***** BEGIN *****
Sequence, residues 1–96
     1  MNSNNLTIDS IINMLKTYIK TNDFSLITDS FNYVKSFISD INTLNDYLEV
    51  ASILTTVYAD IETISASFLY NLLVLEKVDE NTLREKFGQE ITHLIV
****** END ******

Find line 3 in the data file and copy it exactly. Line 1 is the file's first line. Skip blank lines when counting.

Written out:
    51  ASILTTVYAD IETISASFLY NLLVLEKVDE NTLREKFGQE ITHLIV